Driving curves in powder snow
Floating and gliding effortlessly in soft snow dust is probably the greatest pleasure for every skier, because what could be better than ultra-soft powder far away from marked slopes when heli-skiing or cat-skiing? That’s right, nothing! But skiing in powder should be learned. SKI KANADA, SKI USA and the German Ski Instructors Association (DSLV) show what is important when surfing through the white gold.
Curves in powder: deep snow skiing explained simply
A dream come true: a helicopter flight into the mountains and off to treeskiing in Alaska or the Monashees. Stop! heliski-firsttimers often forget what it means to be on unprepared slopes. Deep snow, deep snow, deep snow – that sounds outstanding at first, but you should adapt your skiing style and especially your turn control to the conditions.
The right equipment
– rather wider (waist > 90 mm) and longer (body length up to plus approx. 10 cm) all-mountain skis
– the wider the skis, the greater the lift
– large pole plates -> better lateral support aid, also when pushing on
– tight clothing and tight ski goggles -> no snow dust on the body and in the eyes
In deep snow you should not go too slow, higher speed provides more lift and the ski glides smoothly like butter through the powder. Fresh powder snow compacts very quickly, so short turn radii close to the fall line are the order of the day here. This ensures less friction and more driving force.
– rhythmic up and down movement
– cornering without interruption (= cyclic) and with an accentuated rhythm facilitates changing direction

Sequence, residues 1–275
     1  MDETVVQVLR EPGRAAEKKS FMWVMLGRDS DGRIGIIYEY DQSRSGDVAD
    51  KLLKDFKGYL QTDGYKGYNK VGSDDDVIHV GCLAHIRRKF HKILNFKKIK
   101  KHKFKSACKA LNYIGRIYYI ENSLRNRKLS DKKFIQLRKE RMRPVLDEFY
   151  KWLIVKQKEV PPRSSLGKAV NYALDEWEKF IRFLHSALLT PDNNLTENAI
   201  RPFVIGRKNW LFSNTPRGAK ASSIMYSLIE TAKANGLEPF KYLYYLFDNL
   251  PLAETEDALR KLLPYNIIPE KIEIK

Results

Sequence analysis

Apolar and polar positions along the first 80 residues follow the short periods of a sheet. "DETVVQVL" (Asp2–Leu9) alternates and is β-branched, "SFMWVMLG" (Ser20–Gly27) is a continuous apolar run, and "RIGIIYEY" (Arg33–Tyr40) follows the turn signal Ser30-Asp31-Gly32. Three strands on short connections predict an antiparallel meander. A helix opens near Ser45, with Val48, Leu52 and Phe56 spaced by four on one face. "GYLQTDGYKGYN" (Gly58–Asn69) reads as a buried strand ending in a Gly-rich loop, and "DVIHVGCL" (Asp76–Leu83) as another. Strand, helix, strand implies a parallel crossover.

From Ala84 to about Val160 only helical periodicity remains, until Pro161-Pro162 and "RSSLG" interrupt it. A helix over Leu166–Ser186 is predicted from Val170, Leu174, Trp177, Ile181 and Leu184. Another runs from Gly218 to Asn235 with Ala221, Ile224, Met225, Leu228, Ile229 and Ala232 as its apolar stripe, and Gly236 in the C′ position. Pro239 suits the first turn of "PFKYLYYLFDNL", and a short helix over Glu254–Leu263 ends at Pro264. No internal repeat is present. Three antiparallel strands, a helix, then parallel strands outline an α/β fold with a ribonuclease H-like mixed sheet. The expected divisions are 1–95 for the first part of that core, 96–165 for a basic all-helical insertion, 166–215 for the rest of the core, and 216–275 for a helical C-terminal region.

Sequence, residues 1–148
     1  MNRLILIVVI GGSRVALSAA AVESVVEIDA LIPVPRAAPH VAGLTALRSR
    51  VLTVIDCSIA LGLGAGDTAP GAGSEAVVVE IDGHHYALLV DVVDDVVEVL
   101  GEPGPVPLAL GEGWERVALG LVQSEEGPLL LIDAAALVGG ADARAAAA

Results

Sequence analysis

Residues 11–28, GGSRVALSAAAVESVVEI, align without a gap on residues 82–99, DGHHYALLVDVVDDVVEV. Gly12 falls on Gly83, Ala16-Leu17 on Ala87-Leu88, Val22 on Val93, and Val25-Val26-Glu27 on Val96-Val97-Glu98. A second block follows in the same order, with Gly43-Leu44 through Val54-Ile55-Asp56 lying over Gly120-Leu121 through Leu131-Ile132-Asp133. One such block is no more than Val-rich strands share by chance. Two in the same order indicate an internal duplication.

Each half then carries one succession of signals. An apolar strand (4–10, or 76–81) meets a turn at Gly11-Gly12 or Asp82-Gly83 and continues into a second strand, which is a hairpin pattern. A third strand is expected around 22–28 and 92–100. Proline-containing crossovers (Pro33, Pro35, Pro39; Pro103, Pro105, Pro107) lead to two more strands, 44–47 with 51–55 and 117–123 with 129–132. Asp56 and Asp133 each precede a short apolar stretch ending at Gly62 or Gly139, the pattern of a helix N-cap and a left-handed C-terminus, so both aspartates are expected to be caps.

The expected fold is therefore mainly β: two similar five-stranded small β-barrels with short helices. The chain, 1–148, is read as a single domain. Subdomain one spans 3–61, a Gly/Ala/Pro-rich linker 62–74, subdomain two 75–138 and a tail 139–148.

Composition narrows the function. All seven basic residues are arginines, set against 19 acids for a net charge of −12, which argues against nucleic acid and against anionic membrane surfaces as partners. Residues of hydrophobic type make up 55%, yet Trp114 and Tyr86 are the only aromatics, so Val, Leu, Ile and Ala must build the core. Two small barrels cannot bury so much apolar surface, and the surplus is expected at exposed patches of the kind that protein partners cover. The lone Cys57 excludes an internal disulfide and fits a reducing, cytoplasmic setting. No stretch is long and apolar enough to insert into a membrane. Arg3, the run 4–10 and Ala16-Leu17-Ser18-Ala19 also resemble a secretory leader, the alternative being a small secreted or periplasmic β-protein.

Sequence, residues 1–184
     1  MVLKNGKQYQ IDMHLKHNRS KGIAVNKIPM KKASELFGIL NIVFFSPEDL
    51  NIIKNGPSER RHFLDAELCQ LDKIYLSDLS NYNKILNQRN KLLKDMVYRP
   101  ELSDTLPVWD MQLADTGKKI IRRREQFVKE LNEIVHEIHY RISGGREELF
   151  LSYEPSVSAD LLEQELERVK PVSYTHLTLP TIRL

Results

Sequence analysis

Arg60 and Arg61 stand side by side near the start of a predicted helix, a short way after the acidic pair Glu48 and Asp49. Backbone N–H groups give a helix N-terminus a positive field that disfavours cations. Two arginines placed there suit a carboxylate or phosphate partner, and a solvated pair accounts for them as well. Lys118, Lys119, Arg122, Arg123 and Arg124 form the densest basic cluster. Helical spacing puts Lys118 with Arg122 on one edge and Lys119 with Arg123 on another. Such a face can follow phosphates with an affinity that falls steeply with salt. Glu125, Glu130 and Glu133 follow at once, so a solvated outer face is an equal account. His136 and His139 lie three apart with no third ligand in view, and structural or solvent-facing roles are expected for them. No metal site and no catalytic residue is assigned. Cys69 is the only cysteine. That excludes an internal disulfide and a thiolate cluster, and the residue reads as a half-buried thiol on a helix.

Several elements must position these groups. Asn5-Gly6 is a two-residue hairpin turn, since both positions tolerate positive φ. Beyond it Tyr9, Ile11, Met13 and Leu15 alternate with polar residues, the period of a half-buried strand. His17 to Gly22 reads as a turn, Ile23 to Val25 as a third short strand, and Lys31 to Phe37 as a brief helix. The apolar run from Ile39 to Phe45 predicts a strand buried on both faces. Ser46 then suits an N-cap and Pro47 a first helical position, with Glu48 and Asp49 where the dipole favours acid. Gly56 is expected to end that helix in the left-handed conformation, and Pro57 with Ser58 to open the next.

– narrow leg position -> increases the surface effect of the skis and thus the lift, increases stability
– Position and load rather on the whole sole of the foot up to the heel -> allows the ski tips to float better (less necessary with rocker skis and skis with excess width)
– load rather in the middle and on both legs (but more load remains on the outer ski) -> better load regulation possible
– very little and only dosed canting movements -> keeps the surface effect of the skis large and thus increases lift and stability
When changing turns in deep snow, braking a deep movement from the legs increases the load and compresses the snow under the running surfaces. This creates a compression of the snow under the ski and if you connect the upward movement directly, a so-called jump effect is created, which is increased with the braking of the upward movement – this leads to the unloading of the skis, which is used to change direction. The use of the pole serves as an additional relief and rhythm aid. The stronger and faster the low movement is slowed down from the control and the high movement is connected, the higher the compression and the following jump effect for the turn change – this is also how the so breathtaking floating feeling is created.
In cornering, it is important to pay attention to harmonious, dosed and even downward movement or bending from the legs in order to let the ski glide effortlessly. When cornering with large radii and at high speed, the same principles apply, here the requirement is particularly on the correct dosage of all movements and on an exact load distribution front-back and inside-out.
Next: cornering in frozen dew
Back to the beginning here.
Even more information on ski and snowboard technique topics can be found in the curricula of the German Ski Instructors Association:
DSLV Lehrplan – Skifahren einfach, 2012, ISBN 978-3-8354-0869-2
DSLV Lehrplan – Freeriden einfach, 2012, ISBN 978-3-8354-0872-2
DSLV Lehrplan – Snowboarden einfach, 2012 ISBN 978-3-8354-0870-8